If the Lions want respect, they can earn it on Monday night.
After their Week 15 loss to the New York Giants, the Detroit Lions’ legitimacy has come under question. While winning nine of 14 games is an accomplishment that cannot be denied, their strength of opponents in victories is one of the worst among NFC playoff contenders. Detroit has a prime opportunity to present their case as to why they belong among the NFC elite on Monday night, when the face off against the team with the best record in the conference and the league. Let’s take a closer look at the Dallas Cowboys.
Dallas Cowboys (12-2)
Schedule so far:
Week 1 - vs. Giants - Lost, 19-20
Week 2 - at Washington - Won, 27-23
Week 3 - vs. Bears - Won, 31-17
Week 4 - at 49ers - Won, 24-17
Week 5 - vs. Bengals - Won, 28-14
Week 6 - at Packers - Won, 30-16
Week 8 - vs. Eagles - Won, 29-23
Week 9 - at Browns - Won, 35-10
Week 10 - at Steelers - Won, 35-30
Week 11 - vs. Ravens - Won, 27-17
Week 12 - vs. Washington - Won, 31-26
Week 13 - at Vikings - Won, 17-15
Week 14 - at Giants - Lost, 7-10
Week 15 - vs. Buccaneers - Won, 26-20
Reasons the Lions should be optimistic:
No matter the opponent this year, the Lions have been competitive in every game. Even in their loss to the Giants last week—which some people view as proof the Lions aren’t “real”—Detroit was only down by four, with the ball near midfield, in the fourth quarter. The final score of 17-6 was not really indicative of the competitiveness for the entire game.
Detroit’s defense has now held eight-straight opponents to 20 points or less, and the Cowboys have proven to be fallible on offense. In two of their past three games, they were held under 20 points, though it should be pointed out that those were two away games against good defenses.
Offensively, the Lions have a chance to keep up with the Cowboys, too. Dallas ranks just 20th team defense according to Football Outsiders, and is particularly vulnerable against the pass (22nd)—Detroit’s specialty.
Reasons the Lions should be pessimistic:
I could probably go on for several paragraphs here—after all, the Cowboys are favored by seven in this game—but let’s keep it to the major issues.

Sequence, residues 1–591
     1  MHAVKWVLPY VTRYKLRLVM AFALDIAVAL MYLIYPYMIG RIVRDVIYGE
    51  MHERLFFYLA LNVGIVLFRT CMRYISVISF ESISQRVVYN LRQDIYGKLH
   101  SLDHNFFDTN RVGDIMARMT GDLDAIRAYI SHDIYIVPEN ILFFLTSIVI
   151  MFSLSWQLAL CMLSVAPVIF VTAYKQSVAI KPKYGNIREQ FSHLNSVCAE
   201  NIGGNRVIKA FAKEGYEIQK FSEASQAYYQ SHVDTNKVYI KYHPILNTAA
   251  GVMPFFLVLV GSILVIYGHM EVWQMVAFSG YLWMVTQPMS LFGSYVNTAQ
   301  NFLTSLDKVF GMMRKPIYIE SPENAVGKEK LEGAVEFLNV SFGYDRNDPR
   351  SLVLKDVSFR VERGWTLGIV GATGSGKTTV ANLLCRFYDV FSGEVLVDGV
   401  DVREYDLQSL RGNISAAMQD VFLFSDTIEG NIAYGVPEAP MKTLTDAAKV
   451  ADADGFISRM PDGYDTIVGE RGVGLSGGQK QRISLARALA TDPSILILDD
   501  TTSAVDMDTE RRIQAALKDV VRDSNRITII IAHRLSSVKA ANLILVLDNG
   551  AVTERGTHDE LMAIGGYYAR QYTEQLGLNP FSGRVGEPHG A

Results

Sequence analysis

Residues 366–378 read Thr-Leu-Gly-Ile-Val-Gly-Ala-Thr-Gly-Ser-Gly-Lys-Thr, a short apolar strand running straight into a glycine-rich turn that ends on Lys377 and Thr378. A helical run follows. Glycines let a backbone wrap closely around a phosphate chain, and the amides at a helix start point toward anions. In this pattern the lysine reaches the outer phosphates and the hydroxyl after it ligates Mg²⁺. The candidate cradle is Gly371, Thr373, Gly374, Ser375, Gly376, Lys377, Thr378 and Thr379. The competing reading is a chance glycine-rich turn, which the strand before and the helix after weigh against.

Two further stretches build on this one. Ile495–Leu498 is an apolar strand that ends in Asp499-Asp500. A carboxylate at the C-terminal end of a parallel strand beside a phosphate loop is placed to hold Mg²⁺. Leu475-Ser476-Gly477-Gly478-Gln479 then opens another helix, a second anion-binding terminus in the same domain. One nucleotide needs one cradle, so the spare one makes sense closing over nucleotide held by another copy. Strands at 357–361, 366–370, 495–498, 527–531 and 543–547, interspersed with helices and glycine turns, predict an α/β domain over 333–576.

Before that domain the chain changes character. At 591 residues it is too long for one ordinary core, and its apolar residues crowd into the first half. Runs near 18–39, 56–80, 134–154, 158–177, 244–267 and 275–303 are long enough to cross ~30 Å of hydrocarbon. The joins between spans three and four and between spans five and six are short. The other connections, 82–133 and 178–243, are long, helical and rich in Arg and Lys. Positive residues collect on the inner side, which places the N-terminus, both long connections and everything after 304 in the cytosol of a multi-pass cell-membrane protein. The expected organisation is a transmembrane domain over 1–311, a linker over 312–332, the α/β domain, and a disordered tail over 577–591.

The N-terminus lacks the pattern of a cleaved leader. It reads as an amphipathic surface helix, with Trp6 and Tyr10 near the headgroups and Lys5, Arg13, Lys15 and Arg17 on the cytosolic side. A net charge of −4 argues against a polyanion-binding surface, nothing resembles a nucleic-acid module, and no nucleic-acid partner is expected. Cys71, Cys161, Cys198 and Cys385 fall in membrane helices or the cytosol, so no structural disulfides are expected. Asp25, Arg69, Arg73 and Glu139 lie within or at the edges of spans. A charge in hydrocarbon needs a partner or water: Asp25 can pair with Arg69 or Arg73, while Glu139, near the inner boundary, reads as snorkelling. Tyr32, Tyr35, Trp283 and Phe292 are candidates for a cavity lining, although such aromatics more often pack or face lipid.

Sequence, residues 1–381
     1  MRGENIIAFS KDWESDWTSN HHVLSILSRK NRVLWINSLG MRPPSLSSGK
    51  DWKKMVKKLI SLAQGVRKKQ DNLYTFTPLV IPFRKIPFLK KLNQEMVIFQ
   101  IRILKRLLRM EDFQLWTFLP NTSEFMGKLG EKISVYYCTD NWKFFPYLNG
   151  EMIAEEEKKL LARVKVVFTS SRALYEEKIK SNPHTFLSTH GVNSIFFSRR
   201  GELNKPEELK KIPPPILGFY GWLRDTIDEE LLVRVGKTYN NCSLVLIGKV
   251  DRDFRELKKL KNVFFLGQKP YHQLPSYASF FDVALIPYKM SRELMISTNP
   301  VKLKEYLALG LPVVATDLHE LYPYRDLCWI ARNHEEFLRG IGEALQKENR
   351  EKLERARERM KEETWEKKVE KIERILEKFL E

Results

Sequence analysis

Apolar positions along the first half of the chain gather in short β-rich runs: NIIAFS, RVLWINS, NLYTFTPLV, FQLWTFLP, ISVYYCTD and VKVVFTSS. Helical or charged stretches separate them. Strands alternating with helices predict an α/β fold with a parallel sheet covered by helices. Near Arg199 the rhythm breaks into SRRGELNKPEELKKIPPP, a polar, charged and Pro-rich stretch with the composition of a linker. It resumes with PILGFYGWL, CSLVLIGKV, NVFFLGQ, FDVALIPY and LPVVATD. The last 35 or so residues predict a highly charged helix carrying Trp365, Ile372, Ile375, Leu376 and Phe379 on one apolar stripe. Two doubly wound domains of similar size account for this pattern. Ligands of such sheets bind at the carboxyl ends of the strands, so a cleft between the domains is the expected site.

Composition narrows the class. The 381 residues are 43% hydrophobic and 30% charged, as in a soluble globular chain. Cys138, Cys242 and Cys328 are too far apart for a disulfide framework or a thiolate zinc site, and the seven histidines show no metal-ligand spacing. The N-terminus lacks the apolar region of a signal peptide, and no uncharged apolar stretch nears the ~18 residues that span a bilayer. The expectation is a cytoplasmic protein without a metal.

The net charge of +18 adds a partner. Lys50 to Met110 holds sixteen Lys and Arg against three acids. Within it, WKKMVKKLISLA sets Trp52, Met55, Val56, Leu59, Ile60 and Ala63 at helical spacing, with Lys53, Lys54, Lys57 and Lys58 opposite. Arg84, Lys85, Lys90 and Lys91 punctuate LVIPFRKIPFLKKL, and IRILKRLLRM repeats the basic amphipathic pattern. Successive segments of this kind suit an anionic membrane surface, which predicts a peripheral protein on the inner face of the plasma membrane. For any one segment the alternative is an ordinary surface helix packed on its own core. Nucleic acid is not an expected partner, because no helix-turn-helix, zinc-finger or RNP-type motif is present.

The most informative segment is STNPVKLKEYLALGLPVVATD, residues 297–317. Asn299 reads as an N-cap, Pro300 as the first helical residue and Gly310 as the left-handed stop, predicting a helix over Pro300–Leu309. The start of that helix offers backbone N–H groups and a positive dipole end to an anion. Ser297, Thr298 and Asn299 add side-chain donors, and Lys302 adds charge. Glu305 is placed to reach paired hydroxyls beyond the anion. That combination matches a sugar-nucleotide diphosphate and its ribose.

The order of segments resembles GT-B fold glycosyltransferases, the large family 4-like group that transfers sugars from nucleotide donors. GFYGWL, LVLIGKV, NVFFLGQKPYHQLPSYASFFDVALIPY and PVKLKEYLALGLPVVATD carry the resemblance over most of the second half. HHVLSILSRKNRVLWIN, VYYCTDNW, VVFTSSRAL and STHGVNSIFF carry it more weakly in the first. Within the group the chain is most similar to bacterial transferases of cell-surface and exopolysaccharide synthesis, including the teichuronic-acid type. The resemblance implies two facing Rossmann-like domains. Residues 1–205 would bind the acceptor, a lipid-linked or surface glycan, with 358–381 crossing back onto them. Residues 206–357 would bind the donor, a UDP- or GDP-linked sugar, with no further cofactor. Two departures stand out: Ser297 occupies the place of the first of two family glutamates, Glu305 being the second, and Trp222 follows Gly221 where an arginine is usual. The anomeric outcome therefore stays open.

First, Detroit’s health is a large concern. Their offensive line has not been playing that well since starting center Travis Swanson has been sidelined with a concussion. Detroit’s No. 1 cornerback, Darius Slay, is dealing with a hamstring issue that is likely to keep him sidelined on Monday. And even top receiver Golden Tate suffered an injury at the end of the Giants’ game. At this points, we don’t know too much about the status of these three players—nor whether Detroit will get back Theo Riddick this week—but the sheer amount of injuries is troubling.
Then there’s the matchup itself. Dallas’ running game has literally been unstoppable this year. Ezekiel Elliott has rushed for 90 yards or more in 11 of his past 12 games. The Lions, as a comparison, have only rushed for 90 yards as a team in six times all season. Detroit didn’t defend the run all that well last week and this week will present their biggest challenge.
It’s hard to conjure up a bigger mismatch than the Cowboys’ offensive line—which features three players that made the Pro Bowl this year—against the Lions’ defensive line. Detroit hasn’t been able to create any sort of consistent pass rush, and it’s hard to imagine they’ll create any rush this week.
Detroit’s style of play—bend-don’t-break on defense and long, sustained drives on offense—lends itself well to keeping the team close up until the end of the game, even when they’re outmatched. I think this is a clear case where the Cowboys are a better team on paper, but the Lions can, and probably will, keep the game close regardless. Anything can happen with this team late in games, so I wouldn’t count the Lions out, but they’ll have to make more plays this week than they did last week.